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J Androl. 1996 Sep-Oct;17(5):473-80.

Catalase mRNA expression in the male rat reproductive tract.

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James Buchanan Brady Foundation, Department of Urology, New York Hospital-Cornell Medical Center, New York 10021, USA.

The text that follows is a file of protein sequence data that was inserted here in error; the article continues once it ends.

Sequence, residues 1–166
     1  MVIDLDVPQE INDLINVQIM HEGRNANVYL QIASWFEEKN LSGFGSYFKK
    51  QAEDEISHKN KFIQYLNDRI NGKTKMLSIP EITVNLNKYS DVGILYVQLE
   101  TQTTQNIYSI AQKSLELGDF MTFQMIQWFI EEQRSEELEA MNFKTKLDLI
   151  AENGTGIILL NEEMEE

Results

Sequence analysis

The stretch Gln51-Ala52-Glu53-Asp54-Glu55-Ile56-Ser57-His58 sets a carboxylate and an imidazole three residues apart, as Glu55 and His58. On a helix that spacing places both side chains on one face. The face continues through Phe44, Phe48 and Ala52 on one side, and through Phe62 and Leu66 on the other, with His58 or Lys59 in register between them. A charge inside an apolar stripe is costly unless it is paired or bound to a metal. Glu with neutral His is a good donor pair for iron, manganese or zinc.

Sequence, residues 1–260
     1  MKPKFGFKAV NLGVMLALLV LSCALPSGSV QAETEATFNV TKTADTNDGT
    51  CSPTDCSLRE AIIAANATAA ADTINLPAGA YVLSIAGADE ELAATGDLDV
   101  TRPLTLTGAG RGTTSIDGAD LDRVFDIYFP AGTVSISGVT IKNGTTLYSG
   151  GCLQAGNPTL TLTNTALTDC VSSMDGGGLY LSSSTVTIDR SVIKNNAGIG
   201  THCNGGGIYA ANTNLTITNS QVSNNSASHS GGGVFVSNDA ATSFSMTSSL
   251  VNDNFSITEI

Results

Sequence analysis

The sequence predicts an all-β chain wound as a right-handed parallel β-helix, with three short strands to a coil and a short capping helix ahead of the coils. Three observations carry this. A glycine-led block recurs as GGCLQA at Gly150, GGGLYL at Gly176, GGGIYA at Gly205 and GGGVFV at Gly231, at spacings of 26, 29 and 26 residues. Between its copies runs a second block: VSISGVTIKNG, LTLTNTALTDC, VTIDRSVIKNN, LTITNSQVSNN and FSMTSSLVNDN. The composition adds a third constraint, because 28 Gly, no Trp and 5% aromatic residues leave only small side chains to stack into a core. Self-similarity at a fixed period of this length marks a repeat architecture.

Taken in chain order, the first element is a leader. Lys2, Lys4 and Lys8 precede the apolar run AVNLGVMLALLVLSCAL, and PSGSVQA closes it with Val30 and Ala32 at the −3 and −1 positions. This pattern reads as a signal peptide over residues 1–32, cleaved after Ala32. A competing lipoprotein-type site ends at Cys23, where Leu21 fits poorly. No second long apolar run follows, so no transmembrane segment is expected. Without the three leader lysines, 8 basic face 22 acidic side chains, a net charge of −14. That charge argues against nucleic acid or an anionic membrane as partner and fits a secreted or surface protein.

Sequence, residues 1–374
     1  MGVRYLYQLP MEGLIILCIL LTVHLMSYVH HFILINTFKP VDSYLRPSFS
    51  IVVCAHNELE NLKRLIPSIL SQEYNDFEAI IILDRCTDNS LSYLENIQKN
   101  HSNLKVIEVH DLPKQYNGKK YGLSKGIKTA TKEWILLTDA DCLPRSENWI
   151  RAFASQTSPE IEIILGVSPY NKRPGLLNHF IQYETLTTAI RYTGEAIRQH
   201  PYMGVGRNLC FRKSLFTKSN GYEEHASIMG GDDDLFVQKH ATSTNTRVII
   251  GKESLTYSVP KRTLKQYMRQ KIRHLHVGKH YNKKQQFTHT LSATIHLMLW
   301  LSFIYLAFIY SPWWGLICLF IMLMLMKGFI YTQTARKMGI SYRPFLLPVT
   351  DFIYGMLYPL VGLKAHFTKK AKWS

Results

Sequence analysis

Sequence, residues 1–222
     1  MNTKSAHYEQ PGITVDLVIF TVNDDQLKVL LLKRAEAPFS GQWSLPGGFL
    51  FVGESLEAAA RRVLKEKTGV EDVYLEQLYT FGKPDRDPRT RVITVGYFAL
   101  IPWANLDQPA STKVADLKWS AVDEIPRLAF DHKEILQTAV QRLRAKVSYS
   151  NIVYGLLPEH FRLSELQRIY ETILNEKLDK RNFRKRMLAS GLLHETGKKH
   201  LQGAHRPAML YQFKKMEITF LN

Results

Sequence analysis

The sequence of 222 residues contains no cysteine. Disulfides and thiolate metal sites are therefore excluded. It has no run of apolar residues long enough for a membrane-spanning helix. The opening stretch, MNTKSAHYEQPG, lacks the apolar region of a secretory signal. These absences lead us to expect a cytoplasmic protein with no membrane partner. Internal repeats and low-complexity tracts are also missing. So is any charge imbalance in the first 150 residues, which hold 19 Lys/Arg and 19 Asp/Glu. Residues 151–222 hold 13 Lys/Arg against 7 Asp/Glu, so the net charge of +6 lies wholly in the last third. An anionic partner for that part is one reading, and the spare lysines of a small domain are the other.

Reactive oxygen species (ROS) have been shown to impair sperm function. The actions of ROS are reduced by antioxidant enzymes, including catalase. Although catalase-like activity has been demonstrated in semen, there has been no localization or characterization of catalase mRNA expression in the male reproductive tract. Catalase mRNA levels were evaluated by northern blot analysis and in situ hybridization from the male reproductive organs of normal 60-day-old rats, testes of 10- to 90-day-old rats, and testes of rats subjected to efferent duct ligation. Radioactive DNA probes were synthesized using a Klenow polymerase-based specific primer synthetic procedure with a known published sequence for rat catalase. All tissues demonstrated a single transcript of 2.5 kilobases (kb). Low levels of catalase mRNA were detected in the normal testis, epididymis, vas deferens, and prostate. No expression was detectable with northern analysis in seminal vesicle. The levels of catalase mRNA in reproductive organs were compared with the high levels of expression detectable in rat liver. In the testis, catalase expression was primarily localized to peritubular and interstitial cells. In the epididymis and prostate, mRNA was detected in the epithelium. The observed decrease in catalase mRNA levels in the maturing rat testis is consistent with its interstitial localization. The increase in testicular catalase mRNA levels seen in parallel with progressive thinning of the germinal epithelium after efferent duct ligation is also in keeping with a peritubular or interstitial cell localization. The relatively low levels of catalase mRNA expression in the normal adult male reproductive tract undermine the role of catalase as a major antioxidant enzyme in these tissues. The low levels of catalase mRNA in the testis, and the undetectable levels in the seminiferous epithelium, however, imply that the germinal epithelium is predisposed to an oxidative state. These findings may help to explain the known susceptibility of the testis to oxidative stress.

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